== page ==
“For ranchers, culling the herd is an adaptation, right? Hauling water is an adaptation. Building a water pipeline is an adaptation,” Sauchyn said. “But then the ultimate adaptation is to leave. That’s what happened in the ’30s — a large part of the Prairies was depopulated.”
Ian Mauro, executive director of the University of Winnipeg’s Prairie Climate Centre, says if communities and rural areas fail to find ways to plan for the future that can inspire hope, these changes in climate paint a bleak picture moving forward.
“We’re seeing this climate grief, we’re seeing mental health issues, we’re seeing the future as this dark and scary place. And when you think about the next generation looking at that, and going like, ‘Do we have an opportunity to live a healthy life here?’ If the immediate thought is, ‘No,’ for that next generation, then we’re in a lot of trouble,” Mauro said.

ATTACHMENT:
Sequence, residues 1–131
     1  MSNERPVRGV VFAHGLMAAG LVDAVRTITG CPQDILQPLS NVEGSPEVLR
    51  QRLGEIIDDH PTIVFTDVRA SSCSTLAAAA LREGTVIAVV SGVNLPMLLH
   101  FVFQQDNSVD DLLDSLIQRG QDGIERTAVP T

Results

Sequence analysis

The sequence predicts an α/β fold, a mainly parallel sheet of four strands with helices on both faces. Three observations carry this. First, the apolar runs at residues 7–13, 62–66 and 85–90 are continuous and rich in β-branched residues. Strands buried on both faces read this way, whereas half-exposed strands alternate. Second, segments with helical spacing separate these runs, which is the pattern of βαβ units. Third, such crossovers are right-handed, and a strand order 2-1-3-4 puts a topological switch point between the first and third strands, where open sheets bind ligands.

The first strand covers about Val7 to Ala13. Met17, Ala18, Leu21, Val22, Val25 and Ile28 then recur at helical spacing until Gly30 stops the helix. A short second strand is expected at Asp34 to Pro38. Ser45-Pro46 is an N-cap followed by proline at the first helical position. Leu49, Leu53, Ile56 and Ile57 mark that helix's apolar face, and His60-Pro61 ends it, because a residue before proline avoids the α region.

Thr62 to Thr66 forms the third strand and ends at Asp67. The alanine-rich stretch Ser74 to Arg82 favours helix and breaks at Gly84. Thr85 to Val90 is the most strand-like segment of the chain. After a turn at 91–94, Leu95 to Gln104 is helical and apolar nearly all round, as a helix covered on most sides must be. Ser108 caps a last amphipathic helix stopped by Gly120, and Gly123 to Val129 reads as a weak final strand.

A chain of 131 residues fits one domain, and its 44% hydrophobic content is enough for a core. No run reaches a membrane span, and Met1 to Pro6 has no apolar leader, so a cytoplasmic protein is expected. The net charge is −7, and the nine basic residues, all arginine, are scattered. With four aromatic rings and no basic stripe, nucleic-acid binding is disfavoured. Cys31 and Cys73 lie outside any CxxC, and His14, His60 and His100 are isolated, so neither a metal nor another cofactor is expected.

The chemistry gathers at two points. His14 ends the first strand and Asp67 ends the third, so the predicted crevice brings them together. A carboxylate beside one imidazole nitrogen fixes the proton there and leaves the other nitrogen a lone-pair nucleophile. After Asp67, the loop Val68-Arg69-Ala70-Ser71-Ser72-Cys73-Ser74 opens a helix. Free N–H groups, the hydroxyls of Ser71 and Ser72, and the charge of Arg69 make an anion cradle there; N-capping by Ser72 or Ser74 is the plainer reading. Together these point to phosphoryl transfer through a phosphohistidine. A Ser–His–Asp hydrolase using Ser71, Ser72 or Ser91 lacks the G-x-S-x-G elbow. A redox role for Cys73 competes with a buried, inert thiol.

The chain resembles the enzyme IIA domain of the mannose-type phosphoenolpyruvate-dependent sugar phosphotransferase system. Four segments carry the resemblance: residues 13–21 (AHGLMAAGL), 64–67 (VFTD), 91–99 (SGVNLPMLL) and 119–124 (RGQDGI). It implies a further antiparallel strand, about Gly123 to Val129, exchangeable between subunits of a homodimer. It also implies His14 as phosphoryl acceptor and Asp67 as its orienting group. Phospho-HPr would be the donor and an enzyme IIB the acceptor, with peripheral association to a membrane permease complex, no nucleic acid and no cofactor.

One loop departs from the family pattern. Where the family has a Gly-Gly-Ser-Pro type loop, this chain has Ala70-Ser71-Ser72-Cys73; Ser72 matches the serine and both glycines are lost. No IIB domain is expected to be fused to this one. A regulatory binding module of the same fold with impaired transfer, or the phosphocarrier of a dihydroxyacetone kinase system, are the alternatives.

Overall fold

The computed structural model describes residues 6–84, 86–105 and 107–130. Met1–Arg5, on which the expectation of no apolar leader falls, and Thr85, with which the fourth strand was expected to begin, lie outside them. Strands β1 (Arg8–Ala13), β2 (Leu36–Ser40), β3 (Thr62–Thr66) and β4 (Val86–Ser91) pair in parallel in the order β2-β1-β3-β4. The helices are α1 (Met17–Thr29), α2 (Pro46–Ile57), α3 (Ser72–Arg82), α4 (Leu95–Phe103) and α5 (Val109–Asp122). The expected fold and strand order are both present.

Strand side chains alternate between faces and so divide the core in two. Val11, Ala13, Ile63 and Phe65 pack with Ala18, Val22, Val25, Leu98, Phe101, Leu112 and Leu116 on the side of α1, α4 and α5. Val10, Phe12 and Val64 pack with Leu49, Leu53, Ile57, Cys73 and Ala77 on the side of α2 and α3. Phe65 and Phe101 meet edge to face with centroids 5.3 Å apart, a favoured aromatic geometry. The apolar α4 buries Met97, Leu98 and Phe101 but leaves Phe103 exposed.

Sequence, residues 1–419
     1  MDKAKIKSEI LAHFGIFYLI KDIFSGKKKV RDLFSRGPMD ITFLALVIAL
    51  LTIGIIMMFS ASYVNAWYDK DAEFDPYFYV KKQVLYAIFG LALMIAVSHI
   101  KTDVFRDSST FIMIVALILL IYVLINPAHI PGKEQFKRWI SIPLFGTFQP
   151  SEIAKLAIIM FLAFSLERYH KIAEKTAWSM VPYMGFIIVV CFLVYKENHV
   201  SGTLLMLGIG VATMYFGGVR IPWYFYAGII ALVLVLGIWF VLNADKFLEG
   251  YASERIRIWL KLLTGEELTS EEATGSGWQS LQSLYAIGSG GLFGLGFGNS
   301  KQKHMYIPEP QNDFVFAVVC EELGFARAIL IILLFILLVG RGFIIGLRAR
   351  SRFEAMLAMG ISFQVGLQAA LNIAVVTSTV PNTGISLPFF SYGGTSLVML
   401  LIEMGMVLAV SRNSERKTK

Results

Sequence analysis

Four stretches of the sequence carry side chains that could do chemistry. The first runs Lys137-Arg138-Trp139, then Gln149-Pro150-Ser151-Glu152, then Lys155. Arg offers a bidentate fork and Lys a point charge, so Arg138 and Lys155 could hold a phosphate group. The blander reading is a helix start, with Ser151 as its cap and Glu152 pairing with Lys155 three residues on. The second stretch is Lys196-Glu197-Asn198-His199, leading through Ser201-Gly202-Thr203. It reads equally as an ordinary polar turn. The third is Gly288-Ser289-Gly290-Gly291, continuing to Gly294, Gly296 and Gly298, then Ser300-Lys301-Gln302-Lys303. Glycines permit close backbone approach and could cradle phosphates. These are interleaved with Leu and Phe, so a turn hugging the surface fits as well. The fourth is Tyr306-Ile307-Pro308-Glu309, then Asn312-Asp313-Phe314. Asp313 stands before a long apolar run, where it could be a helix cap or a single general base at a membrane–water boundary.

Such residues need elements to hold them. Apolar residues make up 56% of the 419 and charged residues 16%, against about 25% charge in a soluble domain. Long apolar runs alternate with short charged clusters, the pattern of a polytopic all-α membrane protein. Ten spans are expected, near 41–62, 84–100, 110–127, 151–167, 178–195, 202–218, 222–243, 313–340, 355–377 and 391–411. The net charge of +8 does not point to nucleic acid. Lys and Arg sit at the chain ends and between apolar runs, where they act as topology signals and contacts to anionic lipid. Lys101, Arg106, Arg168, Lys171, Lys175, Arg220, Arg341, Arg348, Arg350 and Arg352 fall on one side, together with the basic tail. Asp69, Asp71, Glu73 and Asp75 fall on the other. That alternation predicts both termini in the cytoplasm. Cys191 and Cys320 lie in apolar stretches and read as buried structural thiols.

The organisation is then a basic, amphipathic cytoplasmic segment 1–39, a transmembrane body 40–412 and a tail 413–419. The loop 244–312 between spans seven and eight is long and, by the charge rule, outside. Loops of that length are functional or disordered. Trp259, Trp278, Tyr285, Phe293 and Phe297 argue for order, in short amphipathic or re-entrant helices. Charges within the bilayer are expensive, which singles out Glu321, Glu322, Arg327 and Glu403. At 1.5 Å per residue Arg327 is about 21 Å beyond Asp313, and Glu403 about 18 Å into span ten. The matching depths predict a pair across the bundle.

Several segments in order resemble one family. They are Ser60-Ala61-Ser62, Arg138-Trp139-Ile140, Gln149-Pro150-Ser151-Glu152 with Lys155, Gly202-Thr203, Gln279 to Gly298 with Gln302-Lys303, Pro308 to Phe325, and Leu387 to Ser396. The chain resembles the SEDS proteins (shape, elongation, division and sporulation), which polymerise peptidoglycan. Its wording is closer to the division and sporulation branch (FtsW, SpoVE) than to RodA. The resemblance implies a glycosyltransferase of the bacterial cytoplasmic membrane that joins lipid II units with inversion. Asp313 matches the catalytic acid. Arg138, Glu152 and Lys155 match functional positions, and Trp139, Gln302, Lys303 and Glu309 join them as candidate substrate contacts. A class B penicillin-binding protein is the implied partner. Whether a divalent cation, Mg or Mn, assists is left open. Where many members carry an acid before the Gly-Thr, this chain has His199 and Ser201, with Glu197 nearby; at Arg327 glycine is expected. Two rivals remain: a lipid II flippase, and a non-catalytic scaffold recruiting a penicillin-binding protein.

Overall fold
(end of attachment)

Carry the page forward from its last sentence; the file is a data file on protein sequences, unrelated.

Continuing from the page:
“Communities will live and die by the ability for young people to visualize and realize that their community could be a place that they could live in over the long term.”
Tom Johnson is doing all he can today to provide that long-term future for his son — the ability to stay in the community and do what he loves. But this one drought calls that all into question, and it’s no surprise why he’s choosing only to focus on the day at hand.
“We’ve got a little bit of grass yet. We’re good for water for a little while. The pasture would come back if we got, you know, three inches of rain. Would sure help.”
But the skies don’t show a prospect of rain. Instead, another heat wave is in the forecast, clouding over that life he’d once imagined.
When a little gray bird with black wings flies into a bushy tree on the edge of a steep mountain slope, ecologist Alana Clason scrambles...Continue reading
Agreements between First Nations and Canada in southeastern Ontario are considered 'among the worst' treaties...